The number of visitors versus parking rates is a simple equation that starts with free parking attracting the greatest number of visitors, and zero visitors when parking rates exceed what a person is willing to pay.
Every time the Lake Geneva City Council increases parking rates there is a negative ripple effect on the city’s downtown business district. Despite the city’s desired image, it is not the kind of exclusive resort where price doesn’t matter. If Walmart or Target charged one or two dollars an hour for parking do you think that such a move would reduce their business? So why should charging one or two dollars more an hour for parking in the city’s downtown area not adversely affect the downtown businesses? Other than one to two dozen peak weekends a year, when the sun is shining or a dozen special events occur during the week, the Lake Geneva parking stalls sit empty.
That’s about 60% of the time. If decision makers feel that the parking rates don’t affect visitors, then:
- Why do the free residential parking areas near the downtown fill up first?
- Why do many locals, who visit downtown restaurants for coffee and/or breakfast, make sure that they leave before 9:00 am when charges for parking starts?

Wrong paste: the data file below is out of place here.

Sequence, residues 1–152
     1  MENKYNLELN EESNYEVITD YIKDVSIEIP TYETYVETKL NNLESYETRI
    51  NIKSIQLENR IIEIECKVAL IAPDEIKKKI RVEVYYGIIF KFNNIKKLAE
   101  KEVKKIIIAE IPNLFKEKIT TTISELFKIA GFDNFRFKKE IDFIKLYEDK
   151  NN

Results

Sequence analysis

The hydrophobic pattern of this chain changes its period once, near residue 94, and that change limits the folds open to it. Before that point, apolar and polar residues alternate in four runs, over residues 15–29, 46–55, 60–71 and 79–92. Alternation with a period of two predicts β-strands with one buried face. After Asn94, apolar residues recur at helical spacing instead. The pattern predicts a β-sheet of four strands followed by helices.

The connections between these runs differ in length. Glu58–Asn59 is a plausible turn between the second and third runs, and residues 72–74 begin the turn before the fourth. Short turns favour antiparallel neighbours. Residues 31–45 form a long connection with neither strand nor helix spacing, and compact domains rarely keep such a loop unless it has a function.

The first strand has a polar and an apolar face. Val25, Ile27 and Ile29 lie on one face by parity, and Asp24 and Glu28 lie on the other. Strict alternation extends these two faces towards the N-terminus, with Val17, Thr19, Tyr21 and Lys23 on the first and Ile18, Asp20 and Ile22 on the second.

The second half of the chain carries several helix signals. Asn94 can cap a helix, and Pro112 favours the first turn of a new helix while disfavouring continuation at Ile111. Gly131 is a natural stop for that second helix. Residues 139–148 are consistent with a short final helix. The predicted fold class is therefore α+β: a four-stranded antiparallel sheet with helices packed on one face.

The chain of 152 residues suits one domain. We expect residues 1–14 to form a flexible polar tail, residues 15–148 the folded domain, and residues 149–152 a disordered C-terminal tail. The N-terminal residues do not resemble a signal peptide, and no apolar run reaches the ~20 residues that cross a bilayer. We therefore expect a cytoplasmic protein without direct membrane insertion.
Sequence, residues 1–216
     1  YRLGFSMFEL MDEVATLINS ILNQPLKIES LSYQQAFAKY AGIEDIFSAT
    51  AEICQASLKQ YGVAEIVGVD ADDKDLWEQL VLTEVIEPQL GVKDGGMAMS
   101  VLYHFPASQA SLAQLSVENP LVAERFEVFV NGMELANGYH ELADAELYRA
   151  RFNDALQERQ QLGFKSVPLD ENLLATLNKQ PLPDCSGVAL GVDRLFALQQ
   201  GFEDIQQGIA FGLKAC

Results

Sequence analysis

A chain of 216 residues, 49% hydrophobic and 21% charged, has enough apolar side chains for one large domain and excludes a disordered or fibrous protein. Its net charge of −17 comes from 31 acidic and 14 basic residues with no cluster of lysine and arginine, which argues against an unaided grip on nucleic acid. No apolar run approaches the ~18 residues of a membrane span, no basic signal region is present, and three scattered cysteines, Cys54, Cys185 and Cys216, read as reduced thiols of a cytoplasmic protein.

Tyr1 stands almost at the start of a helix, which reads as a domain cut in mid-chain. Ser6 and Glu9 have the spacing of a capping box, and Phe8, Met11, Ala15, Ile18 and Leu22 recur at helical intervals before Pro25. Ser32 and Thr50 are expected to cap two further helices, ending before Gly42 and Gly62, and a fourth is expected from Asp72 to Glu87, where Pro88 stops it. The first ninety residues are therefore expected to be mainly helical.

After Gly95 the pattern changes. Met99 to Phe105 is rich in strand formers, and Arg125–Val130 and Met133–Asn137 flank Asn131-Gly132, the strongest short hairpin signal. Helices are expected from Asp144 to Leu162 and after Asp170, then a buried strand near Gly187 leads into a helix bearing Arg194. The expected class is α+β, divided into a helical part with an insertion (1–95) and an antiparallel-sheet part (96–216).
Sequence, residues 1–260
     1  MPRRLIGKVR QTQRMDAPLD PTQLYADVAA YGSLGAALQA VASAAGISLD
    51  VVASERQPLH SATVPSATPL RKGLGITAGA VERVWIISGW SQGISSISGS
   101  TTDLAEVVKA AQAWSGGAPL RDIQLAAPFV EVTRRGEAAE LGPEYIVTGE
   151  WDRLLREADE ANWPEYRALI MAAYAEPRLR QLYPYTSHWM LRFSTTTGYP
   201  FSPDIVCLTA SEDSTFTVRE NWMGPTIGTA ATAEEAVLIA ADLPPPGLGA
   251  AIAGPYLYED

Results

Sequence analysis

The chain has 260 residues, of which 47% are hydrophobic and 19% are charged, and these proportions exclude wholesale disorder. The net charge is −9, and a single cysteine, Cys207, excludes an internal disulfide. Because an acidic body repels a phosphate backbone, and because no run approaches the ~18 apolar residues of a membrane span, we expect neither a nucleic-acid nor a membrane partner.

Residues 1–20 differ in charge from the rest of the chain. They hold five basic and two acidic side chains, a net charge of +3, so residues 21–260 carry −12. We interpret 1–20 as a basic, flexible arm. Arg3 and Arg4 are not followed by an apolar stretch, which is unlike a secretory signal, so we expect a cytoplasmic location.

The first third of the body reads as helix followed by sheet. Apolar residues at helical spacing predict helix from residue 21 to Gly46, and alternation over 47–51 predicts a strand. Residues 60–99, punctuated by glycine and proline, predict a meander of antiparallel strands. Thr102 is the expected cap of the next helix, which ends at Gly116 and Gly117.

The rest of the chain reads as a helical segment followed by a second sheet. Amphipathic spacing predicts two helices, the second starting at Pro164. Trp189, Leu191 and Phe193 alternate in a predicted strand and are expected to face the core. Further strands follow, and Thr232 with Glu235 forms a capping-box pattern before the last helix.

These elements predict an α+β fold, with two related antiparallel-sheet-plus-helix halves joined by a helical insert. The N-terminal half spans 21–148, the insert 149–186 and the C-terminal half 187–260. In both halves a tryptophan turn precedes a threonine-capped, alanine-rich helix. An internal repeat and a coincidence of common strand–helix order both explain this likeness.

- Does the charge for parking also contribute to the abnormally high turnover (failure) of businesses in the downtown area?
Every parking dollar effectively adds to the price of every downtown product or service that the consumer purchases, thus making the downtown business less competitive and if the visitors don’t buy something, then the parking fee is a charge for just looking. Although Geneva Lake is such a beautiful lake that “just looking” is a great thing to do, the practice, though, can well mean that many of the businesses currently doting the streets could be gone one day soon. Lake Geneva has lost five major stores in the last week alone. Qdoba and Noodles came in, but way over at the east side of town. Only the Thrift-In’ is new (opening December 1st). The city leaders of Lake Geneva have to remain intensely sensitive to how the small businesses are doing, or the beauty of the lake as an attractant will lessen or even become meaningless when it comes to paying for upkeep and access.